So on your behalf, because someone has to step up and try it, to bring back the vivid truth, because this newspaper has a proud tradition of investigative journalism, and because hacks have just had a bit of a bad week, I voluntarily put myself in harm’s way so you can know the truth about the burger pizza.

It comes in the night. Actually close to teatime in my case, delivered by scooter, the urban drone of collateral calorific damage. Someone somewhere just puts these things in a box and pushes a button. They never see the destruction, the children with smeared faces, and they make their victims sign for it. So the first thing you notice, even before it’s out of the box, is the smell, the overpowering aggressive thuggish smell. From three floors up, the Blonde shouted: “Christ, what’s that smell?” It’s organic, but not like food. It smells of farm and rot and armpit. If the Gruffalo farted, this is what Gruffalo fart would smell like.

Open the box and it gets a whole lot worse. There’s the added nidor of damp warm cardboard. What I’ve been sent is the barbecue steak pizza with mini cheeseburgers and Heinz dipping sauce. I expect UN chemical warfare officers to knock on the door any day. The thing is huge. I had no idea they came this large. How many people is this supposed to feed?

As a piece of Willy Wonka engineering it’s quite something. The edges are crimped into divots in which nestle a ball of burger, like the ball bearings put into suicide fast food. They are the size of infant fists, topped with a congealing pustule of splat, of yellow cheese-style gunge. I haven’t eaten all day and am quite hungry, but the smell has grabbed my appetite and dragged it into a narrow dark place where it is being beaten unconscious.

The pizza crust isn’t actually pizza at all, or indeed crust. It’s a coarse, pale cake, and the first and pretty much the last mouthful is a real surprise. No, it’s a poleaxeing shock.

I can’t remember the last time I was so flabbergasted by the difference between plummeting expectations and hideous actuality. It’s sweet. Not just sweetish, or sweet and sour. It’s tooth-curlingly, diabetically sugary. There is a mild background flavour of tinned tomato and a hint of malt vinegar. There is a texture of something dead and mutilated, possibly dragged from a canal, but without a pathologist and a chemistry set it would be impossible to identify what it once was, or indeed the genus of any of the other things that may or may not be vegetable but could also be whatever it is that clogs shower drains.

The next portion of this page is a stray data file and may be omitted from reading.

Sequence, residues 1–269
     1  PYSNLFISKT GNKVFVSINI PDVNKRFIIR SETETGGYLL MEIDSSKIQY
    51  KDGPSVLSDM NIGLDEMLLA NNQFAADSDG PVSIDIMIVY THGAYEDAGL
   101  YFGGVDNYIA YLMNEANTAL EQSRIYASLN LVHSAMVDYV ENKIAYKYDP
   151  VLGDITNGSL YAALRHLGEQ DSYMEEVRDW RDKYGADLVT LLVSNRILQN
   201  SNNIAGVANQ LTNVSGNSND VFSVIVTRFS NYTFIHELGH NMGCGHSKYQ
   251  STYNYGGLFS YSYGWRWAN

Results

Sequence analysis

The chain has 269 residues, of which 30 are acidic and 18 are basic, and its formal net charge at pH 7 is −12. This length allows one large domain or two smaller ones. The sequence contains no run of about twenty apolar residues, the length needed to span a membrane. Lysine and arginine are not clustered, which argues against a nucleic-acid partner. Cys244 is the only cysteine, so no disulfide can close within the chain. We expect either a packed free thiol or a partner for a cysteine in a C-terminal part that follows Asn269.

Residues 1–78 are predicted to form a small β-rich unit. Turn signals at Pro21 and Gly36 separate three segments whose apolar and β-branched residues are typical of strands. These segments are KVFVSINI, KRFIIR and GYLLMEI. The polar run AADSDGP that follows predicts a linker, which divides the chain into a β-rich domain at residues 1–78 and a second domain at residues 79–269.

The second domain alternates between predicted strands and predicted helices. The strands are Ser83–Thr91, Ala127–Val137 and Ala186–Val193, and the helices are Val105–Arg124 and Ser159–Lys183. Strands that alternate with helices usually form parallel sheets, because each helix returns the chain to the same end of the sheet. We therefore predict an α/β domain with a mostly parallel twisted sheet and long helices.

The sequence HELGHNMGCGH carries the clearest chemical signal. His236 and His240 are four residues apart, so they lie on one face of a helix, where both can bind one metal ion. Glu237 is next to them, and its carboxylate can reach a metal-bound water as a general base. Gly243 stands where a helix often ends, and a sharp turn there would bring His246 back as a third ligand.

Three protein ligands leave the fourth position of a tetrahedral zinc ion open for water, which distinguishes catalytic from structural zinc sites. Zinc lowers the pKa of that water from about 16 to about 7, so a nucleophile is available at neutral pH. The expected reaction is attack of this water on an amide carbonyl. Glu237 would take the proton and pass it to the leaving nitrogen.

The meatball burger is brown. It tastes brown and gritty, something that has passed through many colons with a grimace. It’s like chewing old man’s corduroy. If for a year you had eaten only Siberian gulag rations it would be merely unpleasant. My children wouldn’t touch it. The Blonde wouldn’t be in the same room as it. I suggested donating it to the homeless man who sleeps outside the local hospital. With her finest nightingale voice, the Blonde hissed: “Don’t you think he’s probably suffered enough? And we can’t just put it in the bin. It’ll poison the foxes. We’ll have to double-bag it, like casual rough sex.”

Given my job, this isn’t the worst thing I’ve put in my mouth, but it is probably the worst thing that was pretending to be food and made you pay. It’s not that I’m against binary cross-cultural combinations of ingredients or dishes. When Miss Strawberry Jam threw herself on top of Mr Peanut Butter, it was food porn of the highest order.

The marvellous thing about grub is that it is no respecter of borders or prejudices or manners. There was a UN on the table long before politicians got round to it. But each time you mix and match, you have to ask: is this an improvement that is greater than the sum of its parts? And in this case, the regurgitated answer is a glottal no. And the parts weren’t particularly toothsome to begin with. Forget the benign tinkering of GM, this is real Frankenstein food. This is a glimpse into the stinking box that contains the end of civilisation as we know it.

Share this post


Link to post
Share on other sites
8 minutes ago, ICTChris said:

e afraid, tastebuds — it’s the beefy horror pizza show

The burger pizza is the latest fast-food offering on the high street, but is it scarily scrumptious or a Frankenstein fusion? Our restaurant critic dares to take a bite

 
AA Gill
Sunday November 03 2013, 12.01am, The Sunday Times
Share
 
 
 
 
Save
 

The hamburger owes its rise to Henry Ford and the affordable car, and the roads that had to be built for salesmen, families and the migratory dustbowl poor to motor down, and the gas stations and diners that filled up man and machine. So the hot meat sandwich was the answer to a modern need, pit-stop petrol for humans.

The pizza is rather older, possibly Greek in origin, its etymology unclear, though not its ingredients. It is bread with some flavourings plucked from the surrounding lands — thyme and laurel, goat’s cheese, olives. Something like pizza was made by the Romans with focaccia. In the incarnation we know, pizza had to wait for the discovery of America and tomatoes. Italians were the first Europeans to bravely eat the love apple, realising by brutal trial and error that it wasn’t a type of deadly nightshade.

Pizza is a dish of the poor south, used like yorkshire pudding to pad out hunger so that the more expensive ingredients will go further. It is always simple, cooked in a kiln-hot oven, far hotter than your domestic cooker will ever manage.

Pizza travelled with Italian migrants back to America where it got bigger and fatter and floppier and sloppier and competes with the hamburger. They remain friendly but separate, integrated into the fast finger food but never amalgamated, until the Doctor Moreau, horror-food eugenicists came up with the burger pizza.

What hellish new super-chew orthodoxy, what fundamentalist mullah of taste decided that the world needed this nightmare pushmi-pullyu, this pit-spawned, misbegotten basilisk, this sticky chimera, this foul, unnatural, Caliban union of dribble-chinned fast food?